The Code

This code is doing three things each cycle through the loop. First, it checks the state of the door and reports any changes. Next, the temperature and pressure are checked and reported. Finally, the client loop will look for any commands from MQTT and handle accordingly.

The code is available on GitHub:

Check Door State

If the door is found to be open, it is not reported right away. Instead a counter is incremented, and only after five consecutive readings of open is that status returned. The goal here is to ignore spurious readings.

A return value of closed is assumed correct and set on first reading.

A change in the door status is immediately reported via MQTT. The process also reports the status each minute regardless of a change to ensure Home Assistant is always in sync.

Report Temperature and Pressure

This code is based on the example program that came with the library by github user mahfuz195 (found here). The readings are returned in JSON format using a library by github user bblanchon (found here)

Updates are limited to once every 10 minutes. No need to overwhelm Home Assistant with readings.

In the begin() function for the BMP, I specify which pins to use for the I2C interface. On the D1 Mini these default to D1 and D2, but those pins were already in use by the relay and reed swtich. D5 and D6 are recruited to take the job.


The callback routine catches a MQTT message. The payload of “OPEN” is the only command that will “push” the button – closing the realy for 6/10 of a second.

Other Code Features

I’m using a few other libraries in this program. WiFiManager handles the WiFi connection, storing the credentials in nonvolitile memory. It is important to note that WiFiManager will open a WiFi acces point if no credentials are found or the connection attempt fails. Connect to this AP using a laptop or phone, access, and follow on the onscreen instructions to setup your WiFi information.

ESP8266HTTPUpdateServer accepts program updates over the air. No need to climb up a ladder to connect your laptop!

Wiring the Reed Switch

High end magnetic reed switch
The Enforcer – Commercial Garage Door Magnetic Switch

Using a bell wire pair, connect one wire to the 3.3V pin, and the other to D2. Also, I’ve added a pull-down resistor between D2 and ground. The pull-down keeps the signal from “floating” (sending an unknown level). On the other end, use the NO (normally open) terminal for one wire and the common terminal for the other.
ProtoBoard with door switch connection

Wiring the Temperature Sensor

Connect the four pins of the BMP280 sensor as labeled. Rember that my code uses D5 and D6 for SDA and SCL, not the defaults of D1 and D2.
BMP280 temperature/pressure sensor

Wiring the Relay

Your garage door opener should have at least four terminals – two for the open button and two for the safety circuit. Follow the wires from your open button to find the two you need. Otherwise, use a short piece of wire to short the pairs of terminals together until the door opens.

Run a pair of bell wire from the opener terminals to the relay. Use the common terminal and the NO terminal on the relay.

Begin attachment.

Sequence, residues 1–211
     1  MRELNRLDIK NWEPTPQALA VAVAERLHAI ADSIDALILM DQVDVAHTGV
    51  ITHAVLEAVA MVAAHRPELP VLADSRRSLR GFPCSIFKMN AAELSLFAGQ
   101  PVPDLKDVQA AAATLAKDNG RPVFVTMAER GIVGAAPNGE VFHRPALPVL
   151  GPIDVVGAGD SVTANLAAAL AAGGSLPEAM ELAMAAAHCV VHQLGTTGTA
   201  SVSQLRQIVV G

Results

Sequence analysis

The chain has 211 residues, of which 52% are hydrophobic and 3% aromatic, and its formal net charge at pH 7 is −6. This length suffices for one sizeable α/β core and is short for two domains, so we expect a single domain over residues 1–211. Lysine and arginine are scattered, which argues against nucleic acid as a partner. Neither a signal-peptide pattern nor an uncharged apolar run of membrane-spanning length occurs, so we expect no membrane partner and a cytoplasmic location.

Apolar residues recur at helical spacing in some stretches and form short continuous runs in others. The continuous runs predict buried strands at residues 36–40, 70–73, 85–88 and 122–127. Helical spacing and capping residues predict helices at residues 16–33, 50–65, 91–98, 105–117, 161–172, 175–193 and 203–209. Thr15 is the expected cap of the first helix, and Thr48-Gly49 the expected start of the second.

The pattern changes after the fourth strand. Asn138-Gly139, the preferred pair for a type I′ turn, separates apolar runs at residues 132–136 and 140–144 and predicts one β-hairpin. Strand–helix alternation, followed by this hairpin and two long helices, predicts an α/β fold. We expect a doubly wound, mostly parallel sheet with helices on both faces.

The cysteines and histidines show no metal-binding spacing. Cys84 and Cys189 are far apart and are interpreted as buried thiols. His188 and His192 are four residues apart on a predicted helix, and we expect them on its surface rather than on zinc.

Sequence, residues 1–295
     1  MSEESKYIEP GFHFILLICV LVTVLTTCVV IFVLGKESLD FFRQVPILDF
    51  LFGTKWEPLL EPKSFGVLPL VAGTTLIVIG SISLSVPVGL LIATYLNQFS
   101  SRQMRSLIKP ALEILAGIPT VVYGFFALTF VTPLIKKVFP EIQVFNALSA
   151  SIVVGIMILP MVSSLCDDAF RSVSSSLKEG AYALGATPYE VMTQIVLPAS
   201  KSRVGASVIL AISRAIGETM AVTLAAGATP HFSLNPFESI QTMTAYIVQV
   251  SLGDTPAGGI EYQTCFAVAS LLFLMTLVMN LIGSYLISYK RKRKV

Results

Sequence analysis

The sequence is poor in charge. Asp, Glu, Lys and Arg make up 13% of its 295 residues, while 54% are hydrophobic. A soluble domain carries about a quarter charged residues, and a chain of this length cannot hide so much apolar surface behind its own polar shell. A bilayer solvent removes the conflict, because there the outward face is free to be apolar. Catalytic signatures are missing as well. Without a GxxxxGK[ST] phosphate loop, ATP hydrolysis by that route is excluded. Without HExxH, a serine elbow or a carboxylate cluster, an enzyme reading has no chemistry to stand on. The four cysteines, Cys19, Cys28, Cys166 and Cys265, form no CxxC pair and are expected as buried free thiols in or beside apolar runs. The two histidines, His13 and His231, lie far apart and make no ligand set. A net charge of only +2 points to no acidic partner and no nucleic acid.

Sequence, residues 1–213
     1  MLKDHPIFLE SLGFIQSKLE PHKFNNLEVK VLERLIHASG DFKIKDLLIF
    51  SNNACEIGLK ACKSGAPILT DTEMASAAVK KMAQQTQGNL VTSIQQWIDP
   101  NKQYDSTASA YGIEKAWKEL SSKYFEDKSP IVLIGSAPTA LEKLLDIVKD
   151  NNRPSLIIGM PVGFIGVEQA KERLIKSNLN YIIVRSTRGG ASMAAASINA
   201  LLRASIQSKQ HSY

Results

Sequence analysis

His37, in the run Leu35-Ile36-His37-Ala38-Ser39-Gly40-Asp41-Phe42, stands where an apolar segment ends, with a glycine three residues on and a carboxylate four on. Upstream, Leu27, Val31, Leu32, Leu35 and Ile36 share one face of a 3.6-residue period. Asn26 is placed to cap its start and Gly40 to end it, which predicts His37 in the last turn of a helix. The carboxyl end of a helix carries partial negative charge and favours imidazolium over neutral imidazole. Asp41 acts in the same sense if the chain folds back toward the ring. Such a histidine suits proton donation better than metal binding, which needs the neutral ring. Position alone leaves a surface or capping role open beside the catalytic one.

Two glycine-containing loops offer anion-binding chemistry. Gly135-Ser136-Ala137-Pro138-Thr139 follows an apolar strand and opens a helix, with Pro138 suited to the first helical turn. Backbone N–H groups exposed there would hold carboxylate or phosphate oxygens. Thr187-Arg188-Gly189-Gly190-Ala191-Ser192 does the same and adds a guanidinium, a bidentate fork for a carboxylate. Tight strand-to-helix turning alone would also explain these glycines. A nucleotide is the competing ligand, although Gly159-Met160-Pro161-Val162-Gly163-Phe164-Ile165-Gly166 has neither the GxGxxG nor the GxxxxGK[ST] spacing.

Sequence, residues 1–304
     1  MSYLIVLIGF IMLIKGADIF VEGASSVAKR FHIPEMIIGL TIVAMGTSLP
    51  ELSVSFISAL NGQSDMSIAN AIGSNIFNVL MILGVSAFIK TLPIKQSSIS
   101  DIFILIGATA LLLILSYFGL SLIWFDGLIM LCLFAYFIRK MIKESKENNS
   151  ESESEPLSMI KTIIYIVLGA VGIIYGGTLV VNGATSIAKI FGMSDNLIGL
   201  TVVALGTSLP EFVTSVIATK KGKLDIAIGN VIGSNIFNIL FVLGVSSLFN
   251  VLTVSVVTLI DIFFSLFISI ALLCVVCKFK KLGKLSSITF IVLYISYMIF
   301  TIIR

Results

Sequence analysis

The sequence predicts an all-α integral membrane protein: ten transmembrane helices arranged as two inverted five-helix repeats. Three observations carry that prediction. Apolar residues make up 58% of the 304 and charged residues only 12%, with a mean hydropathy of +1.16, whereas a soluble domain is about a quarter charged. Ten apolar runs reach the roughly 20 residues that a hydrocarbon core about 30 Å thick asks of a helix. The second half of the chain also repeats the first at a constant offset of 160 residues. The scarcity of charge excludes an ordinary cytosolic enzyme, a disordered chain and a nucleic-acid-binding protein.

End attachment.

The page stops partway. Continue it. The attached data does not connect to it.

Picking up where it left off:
D1 with relay shield

Set Up Home Assistant

The GitHub repository includes a configuration file for Home Assistant. Integrate these entries into your configuration.yaml file. Note that this file itself is not a complete configuration file.
Home Assistant status page
Once again the GitHub address is:

Please leave your questions or suggestions below.

Django, Gunicorn, Nginx, & HTTPS

Django, gunicorn, nginx, and https logosI can find many examples of using Django, Gunicorn, and Nginx for an application, and also ways to implement HTTPS on Nginx, but not all together.  This post will document my final configurations and explain my decisions.

First, the code:


worker_processes  auto;

events {
    worker_connections  1024;

http {
    include       mime.types;
    default_type  application/octet-stream;
    sendfile        on;
    keepalive_timeout  65;

    ## Rewrite http to https

    server {
        listen 80 default_server;
        listen [::]:80 default_server;
        server_name _;
        return 301 https://$host$request_uri;

    ## Use https

    server {
        add_header Strict-Transport-Security "max-age=63072000; includeSubdomains; ";

        listen              443 ssl;
        ssl_certificate     <path-to-certificate>;
        ssl_certificate_key <path-to-private-key>;
        ssl_protocols       TLSv1 TLSv1.1 TLSv1.2;
        ssl_ciphers         HIGH:!aNULL:!MD5;

        location = /favicon.ico { access_log off; log_not_found off; }

        location / {
            proxy_set_header Host               $host;
            proxy_set_header X-Real-IP          $remote_addr;
            proxy_set_header X-Forwarded-For    $proxy_add_x_forwarded_for;
            proxy_set_header X-Forwarded-Host   $host:443;
            proxy_set_header X-Forwarded-Server $host;
            proxy_set_header X-Forwarded-Port   443;
            proxy_set_header X-Forwarded-Proto  https;
            proxy_read_timeout 300s; 
            proxy_pass http://localhost:8000;

##bind = ":8000"
workers = 3
timeout = 300
proc_name = "dupe"
user = "<your user>"
group = "<your group>"
raw_env = []
capture_output = True
loglevel = "debug"
errorlog = "<path-and-name-for-log-file>"


Description=gunicorn daemon

User=<your user>
Group=<your group>
ExecStart=<virtualenv.path>/bin/gunicorn -c <application.path>/  --bind <project>.wsgi:application



nginx.conf holds all of the interesting stuff

The first server section grabs any http traffic coming in on port 80 and redirects it to the https URL on port 443.

Handling https traffic was trickier. We need to pass all of the header settings from the incoming request on to gunicorn/Django at localhost. All of the proxy-set attribute values in the location section came from a little bit of trial and error.

The setting for proxy-read-timeout is admittedly high – five minutes! This application has one longer running transaction that was exceeding the 60 second default. This value needs to match the timeout setting in the gunicorn settings. I’ll probably lower it to a more respectable two minutes before hitting production.

Finally, astute readers will notice that there is no code to handle requests for static resources. This is because I am using Whitenoise to route those calls through Django. This works only because my app just has eight users and Django can handle the load. Anything that is public facing should use Nginx to serve static files directly (or look into using a CDN, etc.)